At least 78 migrants fleeing war-torn Libya for Europe remain stuck at sea without a designated port to dock at, the U.N. migration agency said Monday.
Libya has emerged as a major transit point for African and Arab migrants fleeing conflict and poverty to Europe, since the ouster of longtime ruler Moammar Gadhafi in 2011, after which two seats of power emerged in Libya: warlord Khalifa Haftar in eastern Libya, supported by Russia, Egypt and the United Arab Emirates, and the U.N.-backed Government of National Accord (GNA) in Tripoli, which enjoys U.N. and international recognition.
The migrants fled Libya three days ago and were rescued by a merchant vessel on Sunday in the Mediterranean Sea, said Safa Msehli, a spokeswoman for the International Organization for Migration (IOM).
The vessel carrying the migrants has still not received permission to dock at any port, Msehli said. She called on the European Union to establish a clear and safe disembarkation mechanism for people recused in the Mediterranean.
The boat was the fourth carrying migrants to depart from Libya in less than a week, the IOM said. Along with the stranded vessel, one boat carrying 57 people reached the harbor of the small island nation of Malta, where it was quarantined because of the coronavirus pandemic, while a second boat with 68 migrants arrived at the Italian island of Lampedusa and the third vessel was intercepted and returned to Libya with all 51 aboard.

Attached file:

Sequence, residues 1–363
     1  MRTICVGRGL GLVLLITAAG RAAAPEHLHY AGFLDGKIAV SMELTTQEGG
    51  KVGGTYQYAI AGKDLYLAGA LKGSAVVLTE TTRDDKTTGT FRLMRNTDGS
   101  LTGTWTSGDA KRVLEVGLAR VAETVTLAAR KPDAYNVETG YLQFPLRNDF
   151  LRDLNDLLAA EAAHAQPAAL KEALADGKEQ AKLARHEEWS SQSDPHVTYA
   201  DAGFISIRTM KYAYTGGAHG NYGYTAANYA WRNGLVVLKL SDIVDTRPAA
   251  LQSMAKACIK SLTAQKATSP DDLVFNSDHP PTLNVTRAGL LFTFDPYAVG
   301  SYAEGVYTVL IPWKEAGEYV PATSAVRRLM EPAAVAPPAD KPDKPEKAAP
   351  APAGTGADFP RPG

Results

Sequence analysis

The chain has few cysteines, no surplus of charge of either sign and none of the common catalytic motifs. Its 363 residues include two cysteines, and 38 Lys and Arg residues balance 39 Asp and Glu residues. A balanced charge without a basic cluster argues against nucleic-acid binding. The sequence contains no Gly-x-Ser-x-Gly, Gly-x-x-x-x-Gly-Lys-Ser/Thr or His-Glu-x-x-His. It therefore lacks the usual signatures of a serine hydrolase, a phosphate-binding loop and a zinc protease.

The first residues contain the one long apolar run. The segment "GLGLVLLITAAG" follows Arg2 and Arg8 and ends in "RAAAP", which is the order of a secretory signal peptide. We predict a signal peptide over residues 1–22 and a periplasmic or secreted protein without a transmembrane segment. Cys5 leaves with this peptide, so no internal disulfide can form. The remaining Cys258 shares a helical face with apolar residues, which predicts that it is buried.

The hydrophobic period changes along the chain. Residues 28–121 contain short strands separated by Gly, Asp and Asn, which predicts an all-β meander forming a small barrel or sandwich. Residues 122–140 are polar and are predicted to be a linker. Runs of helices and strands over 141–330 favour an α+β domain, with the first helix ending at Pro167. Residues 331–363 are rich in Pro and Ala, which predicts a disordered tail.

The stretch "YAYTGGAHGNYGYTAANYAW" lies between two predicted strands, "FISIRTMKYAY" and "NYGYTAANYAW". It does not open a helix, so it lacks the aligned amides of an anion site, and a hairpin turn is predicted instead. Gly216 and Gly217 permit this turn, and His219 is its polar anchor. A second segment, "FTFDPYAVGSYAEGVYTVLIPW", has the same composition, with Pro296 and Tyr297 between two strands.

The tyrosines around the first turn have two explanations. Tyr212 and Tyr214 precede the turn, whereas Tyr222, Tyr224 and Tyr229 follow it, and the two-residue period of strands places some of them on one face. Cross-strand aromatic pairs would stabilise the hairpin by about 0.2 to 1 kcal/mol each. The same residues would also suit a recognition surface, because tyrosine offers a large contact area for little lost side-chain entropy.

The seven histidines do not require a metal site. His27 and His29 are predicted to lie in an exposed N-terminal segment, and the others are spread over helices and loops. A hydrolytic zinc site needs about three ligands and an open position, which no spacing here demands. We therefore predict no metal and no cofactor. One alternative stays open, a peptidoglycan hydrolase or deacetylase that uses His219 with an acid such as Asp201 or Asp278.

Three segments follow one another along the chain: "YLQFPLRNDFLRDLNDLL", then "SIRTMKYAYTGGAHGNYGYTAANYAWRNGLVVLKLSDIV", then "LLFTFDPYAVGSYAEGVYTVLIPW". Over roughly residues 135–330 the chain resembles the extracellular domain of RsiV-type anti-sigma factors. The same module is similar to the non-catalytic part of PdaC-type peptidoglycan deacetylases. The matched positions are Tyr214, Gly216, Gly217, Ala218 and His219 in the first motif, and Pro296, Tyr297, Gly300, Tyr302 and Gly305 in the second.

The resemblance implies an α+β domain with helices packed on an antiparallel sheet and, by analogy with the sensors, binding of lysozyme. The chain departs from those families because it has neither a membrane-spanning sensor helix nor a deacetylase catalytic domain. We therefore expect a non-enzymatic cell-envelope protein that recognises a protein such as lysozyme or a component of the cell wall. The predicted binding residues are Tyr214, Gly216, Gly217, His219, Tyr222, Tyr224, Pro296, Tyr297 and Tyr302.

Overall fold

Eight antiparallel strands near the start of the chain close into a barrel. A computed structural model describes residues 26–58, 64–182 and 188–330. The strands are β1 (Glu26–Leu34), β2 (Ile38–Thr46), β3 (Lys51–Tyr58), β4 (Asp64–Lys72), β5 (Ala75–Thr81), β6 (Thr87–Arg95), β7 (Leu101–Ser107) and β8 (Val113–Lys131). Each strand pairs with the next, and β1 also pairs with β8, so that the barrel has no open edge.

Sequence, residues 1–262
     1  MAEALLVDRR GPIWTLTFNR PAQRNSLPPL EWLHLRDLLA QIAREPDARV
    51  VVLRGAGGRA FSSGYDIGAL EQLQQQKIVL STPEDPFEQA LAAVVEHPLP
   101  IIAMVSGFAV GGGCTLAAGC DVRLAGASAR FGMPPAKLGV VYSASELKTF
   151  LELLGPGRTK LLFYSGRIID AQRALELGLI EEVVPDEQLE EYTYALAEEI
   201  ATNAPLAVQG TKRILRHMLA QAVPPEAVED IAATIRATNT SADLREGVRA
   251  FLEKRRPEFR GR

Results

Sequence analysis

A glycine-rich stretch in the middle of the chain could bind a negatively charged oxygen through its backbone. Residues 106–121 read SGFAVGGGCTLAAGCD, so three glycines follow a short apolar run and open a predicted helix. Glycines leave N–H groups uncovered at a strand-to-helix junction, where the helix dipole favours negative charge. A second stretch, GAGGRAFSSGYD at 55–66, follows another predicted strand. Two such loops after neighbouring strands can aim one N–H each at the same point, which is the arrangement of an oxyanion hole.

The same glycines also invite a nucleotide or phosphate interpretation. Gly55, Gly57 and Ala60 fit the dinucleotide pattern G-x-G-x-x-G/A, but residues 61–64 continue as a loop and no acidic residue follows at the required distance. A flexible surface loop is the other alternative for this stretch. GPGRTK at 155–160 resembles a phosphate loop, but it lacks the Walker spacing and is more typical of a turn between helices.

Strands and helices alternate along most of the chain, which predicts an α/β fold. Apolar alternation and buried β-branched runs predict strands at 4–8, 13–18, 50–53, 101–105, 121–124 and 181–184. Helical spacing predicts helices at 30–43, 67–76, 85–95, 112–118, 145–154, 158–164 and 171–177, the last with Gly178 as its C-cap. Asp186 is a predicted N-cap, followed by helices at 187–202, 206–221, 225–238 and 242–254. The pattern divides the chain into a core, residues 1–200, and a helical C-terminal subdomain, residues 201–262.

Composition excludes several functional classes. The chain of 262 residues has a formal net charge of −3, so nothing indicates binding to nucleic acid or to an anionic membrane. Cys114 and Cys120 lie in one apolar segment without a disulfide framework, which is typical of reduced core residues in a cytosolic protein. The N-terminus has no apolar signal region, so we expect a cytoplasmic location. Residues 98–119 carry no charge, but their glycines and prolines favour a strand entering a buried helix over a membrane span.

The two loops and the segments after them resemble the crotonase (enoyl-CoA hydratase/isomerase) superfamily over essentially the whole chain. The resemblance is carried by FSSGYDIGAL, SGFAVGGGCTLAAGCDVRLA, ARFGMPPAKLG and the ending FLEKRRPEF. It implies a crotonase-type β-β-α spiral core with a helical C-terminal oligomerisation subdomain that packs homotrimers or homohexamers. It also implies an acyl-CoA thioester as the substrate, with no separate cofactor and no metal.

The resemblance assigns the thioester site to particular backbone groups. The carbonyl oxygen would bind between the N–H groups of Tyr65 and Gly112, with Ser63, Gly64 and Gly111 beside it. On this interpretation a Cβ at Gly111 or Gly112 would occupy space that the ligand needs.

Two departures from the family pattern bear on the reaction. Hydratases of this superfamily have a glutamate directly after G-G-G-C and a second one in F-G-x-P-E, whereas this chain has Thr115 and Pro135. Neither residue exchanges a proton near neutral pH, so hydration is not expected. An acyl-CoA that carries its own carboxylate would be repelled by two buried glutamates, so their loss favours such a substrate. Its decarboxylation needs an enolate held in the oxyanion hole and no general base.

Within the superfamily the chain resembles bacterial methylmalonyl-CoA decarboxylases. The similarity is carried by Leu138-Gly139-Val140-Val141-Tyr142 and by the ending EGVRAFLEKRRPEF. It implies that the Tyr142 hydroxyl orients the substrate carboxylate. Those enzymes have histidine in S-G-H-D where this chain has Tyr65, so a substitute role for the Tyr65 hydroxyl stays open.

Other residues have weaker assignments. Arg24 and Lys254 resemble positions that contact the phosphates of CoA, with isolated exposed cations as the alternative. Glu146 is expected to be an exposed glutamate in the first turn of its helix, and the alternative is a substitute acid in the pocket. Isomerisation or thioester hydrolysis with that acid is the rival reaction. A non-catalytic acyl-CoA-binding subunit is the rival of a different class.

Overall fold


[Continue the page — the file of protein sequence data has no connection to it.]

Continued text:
Most migrants leaving Libya's coasts make the perilous journey in ill-equipped and unsafe rubber boats. The IOM's estimated death toll earlier this month among migrants who tried to cross the Mediterranean passed the “grim milestone” of 20,000 deaths since 2014.
In recent years, the European Union has partnered with the Libyan coast guard and other local forces to stop the flow of migrants.
Rights groups say those efforts have left migrants at the mercy of brutal armed groups or confined to squalid and overcrowded detention centers that lack adequate food and water.
The EU agreed earlier this year to end an anti-migrant smuggling operation involving only surveillance aircraft. The bloc will instead concentrate on trying to enforce a widely flouted U.N. arms embargo that’s considered key to winding down Libya’s relentless civil war.
The new operation, dubbed "Irini" (the Greek word for peace), was launched last week and will also gather information about illegal fuel and oil smuggling from Libya and help build up the Libyan coast guard, including by training its personnel.